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What We Learned: The narrative that Seahawks QB Russell Wilson needs a great defense can be retired

Russell Wilson has led the Seahawks to two straight fourth-quarter comeback wins. (AP)

Two weeks ago, the Seahawks’ playoff chances were pegged right about 25 percent. Now they’re more like 75 percent, because quarterback Russell Wilson led a fourth-quarter comeback for the second time in two games, which has Seattle sitting at 6-5 and staring ahead to a home stretch that includes four games at CenturyLink Field in the final five weeks.

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It’s Wilson’s efficiency down the stretch that leads off our list of the three things we learned from Sunday’s win in Carolina:

1. Time to retire the narrative that Russell Wilson depends on a great defense.

Because this Seahawks defense isn’t great. It might not even be that good. The Panthers gained an average of 8.5 yards per offensive snap and seven of their nine offensive possessions wound up in Seattle’s red zone – yet somehow the Seahawks won.

Actually, Russell Wilson was how the Seahawks won. He was not intercepted for the third consecutive game, and then in the fourth quarter he turned ruthless as an executioner.

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Facing fourth-and-3 with his team down 27-20 in the final 4 minutes, he threw a 35-yard touchdown pass to David Moore. On Seattle’s next possession, facing third-and-5 with the score tied in the final minute, he fired a 43-yard pass to Tyler Lockett, who was on the opposite side of the field.

This wasn’t some sort of efficient matriculation down the field in crunch time. These were the actions of a truly cold-blooded quarterback who stares daggers and throws dimes. Anyone who’s still saying that he is nothing more than the caretaker of an offense that must be buttressed by a championship defense is trapped in 2013 and should be informed of this new reality that exists right here in Seattle in 2018.

2. Receivers need a stat like slugging percentage.

If we had that, we might appreciate just how incredibly, devastatingly efficient Tyler Lockett has been this year. Of his 43 receptions, eight have scored touchdowns. Of all players in the NFL with more than 30 catches this season, only Colts tight end Eric Ebron has had a higher percentage of his catches result in a touchdown.

But it’s more than just the scoring punch.

Lockett has caught 43 of the 54 passes he has been targeted on, which is an impossibly high 79.6 percent. Put it a different way, the Seahawks gain an average of 12.2 yards on plays in which Lockett is targeted. Julio Jones leads the league in receiving yards. He’s caught 84 of the 125 passes on which he has been targeted (67.2 percent) for an average of 10.4 yards per target. Minnesota’s Adam Thielen leads the league with 93 catches on his 124 targets (75 percent) for an average of 9.2 yards per target.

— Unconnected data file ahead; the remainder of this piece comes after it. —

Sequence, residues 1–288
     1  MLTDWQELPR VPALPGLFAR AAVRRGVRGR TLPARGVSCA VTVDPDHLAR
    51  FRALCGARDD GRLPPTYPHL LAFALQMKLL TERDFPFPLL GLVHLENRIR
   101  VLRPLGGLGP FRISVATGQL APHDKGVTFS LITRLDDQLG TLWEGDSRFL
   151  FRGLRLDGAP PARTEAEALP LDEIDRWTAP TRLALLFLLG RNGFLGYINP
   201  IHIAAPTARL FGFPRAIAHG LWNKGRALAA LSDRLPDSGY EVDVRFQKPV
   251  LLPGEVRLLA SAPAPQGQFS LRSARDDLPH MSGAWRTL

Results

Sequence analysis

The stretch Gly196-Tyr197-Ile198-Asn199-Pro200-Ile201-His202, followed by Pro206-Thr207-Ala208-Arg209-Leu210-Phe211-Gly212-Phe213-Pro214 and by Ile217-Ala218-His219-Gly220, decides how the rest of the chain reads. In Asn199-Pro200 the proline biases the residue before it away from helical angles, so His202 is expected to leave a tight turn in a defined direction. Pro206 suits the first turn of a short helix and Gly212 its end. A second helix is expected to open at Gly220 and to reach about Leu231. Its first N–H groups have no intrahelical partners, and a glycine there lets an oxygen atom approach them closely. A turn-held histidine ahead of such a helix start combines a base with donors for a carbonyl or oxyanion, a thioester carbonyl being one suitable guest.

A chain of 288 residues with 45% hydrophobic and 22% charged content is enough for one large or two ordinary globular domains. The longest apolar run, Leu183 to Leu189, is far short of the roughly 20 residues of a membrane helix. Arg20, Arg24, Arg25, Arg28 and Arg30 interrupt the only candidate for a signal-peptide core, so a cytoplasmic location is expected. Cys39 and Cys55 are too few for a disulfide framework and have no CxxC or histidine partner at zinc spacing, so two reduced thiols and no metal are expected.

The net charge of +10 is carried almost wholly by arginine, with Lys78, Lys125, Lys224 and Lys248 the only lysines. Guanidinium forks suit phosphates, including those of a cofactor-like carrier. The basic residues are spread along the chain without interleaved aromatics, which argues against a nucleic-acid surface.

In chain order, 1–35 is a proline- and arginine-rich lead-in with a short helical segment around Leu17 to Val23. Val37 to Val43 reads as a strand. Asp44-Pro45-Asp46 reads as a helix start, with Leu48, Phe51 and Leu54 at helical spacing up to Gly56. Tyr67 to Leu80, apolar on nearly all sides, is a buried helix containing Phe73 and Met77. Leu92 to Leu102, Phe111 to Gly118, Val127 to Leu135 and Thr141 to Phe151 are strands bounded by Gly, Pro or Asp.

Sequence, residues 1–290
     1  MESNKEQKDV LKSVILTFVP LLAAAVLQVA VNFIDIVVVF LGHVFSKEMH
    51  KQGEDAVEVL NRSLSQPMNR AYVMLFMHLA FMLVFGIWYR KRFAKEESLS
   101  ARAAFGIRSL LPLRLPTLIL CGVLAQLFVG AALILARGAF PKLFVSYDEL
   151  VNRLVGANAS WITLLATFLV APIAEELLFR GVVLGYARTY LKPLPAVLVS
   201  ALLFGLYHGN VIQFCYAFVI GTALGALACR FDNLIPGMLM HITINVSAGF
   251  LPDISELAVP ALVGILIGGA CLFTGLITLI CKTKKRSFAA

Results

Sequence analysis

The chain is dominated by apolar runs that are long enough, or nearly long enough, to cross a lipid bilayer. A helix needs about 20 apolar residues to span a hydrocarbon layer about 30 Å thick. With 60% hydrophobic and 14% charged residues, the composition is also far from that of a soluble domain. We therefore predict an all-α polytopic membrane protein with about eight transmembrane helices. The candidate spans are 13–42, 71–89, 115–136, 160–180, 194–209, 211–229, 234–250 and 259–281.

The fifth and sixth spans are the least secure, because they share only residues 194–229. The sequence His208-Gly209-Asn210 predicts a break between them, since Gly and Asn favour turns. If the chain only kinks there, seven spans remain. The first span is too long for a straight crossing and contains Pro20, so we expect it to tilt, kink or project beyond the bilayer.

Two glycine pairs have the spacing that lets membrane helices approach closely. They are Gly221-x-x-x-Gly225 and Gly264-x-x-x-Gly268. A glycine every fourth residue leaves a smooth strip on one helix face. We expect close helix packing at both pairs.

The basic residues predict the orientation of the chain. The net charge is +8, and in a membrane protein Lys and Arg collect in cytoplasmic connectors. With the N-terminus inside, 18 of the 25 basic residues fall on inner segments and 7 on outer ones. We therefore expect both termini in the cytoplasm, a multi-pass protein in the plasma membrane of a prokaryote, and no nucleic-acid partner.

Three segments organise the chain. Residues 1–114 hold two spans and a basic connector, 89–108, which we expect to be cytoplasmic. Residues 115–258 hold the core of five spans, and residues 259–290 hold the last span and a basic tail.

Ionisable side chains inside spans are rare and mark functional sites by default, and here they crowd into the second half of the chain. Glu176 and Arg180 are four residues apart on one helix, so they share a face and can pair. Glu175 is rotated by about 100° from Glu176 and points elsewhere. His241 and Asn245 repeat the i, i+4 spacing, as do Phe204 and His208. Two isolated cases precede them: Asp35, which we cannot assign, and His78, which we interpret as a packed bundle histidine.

That’s not arguing Lockett is having a better season, but to point out how much more Lockett is making out of drastically fewer opportunities. We’re so focused on volume in today’s game of pass-happy offenses and inflated receiving totals that it’s really easy to lose sight of the extraordinary impact Lockett is having for the team that throws the fewest passes of any offense in the league.

3. The Seahawks can’t wait to get Mychal Kendricks back.

Barkevious Mingo has been better than expected in pass coverage. The bar wasn’t set all that high, though, considering he had never been utilized as anything other than an edge pass rusher in the five seasons he has spread among three different teams since entering the league.

Mingo has been a really good addition to this team, but his inexperience in pass coverage was evident in the game at Carolina. And with K.J. Wright’s availability in doubt for next Sunday against San Francisco because of an ongoing issue with his knee, Seattle could really use Kendricks, who is now practicing with the team but must miss one more game because of an NFL suspension relating to his guilty plea to a felony charge of insider trading.

Personally, the only thing I find outrageous is the length of his suspension for this particular crime, but professionally, there’s no doubt that Seattle’s defense will be helped by Kendricks, who looked great in the four games he did play for the Seahawks before he received the suspension.

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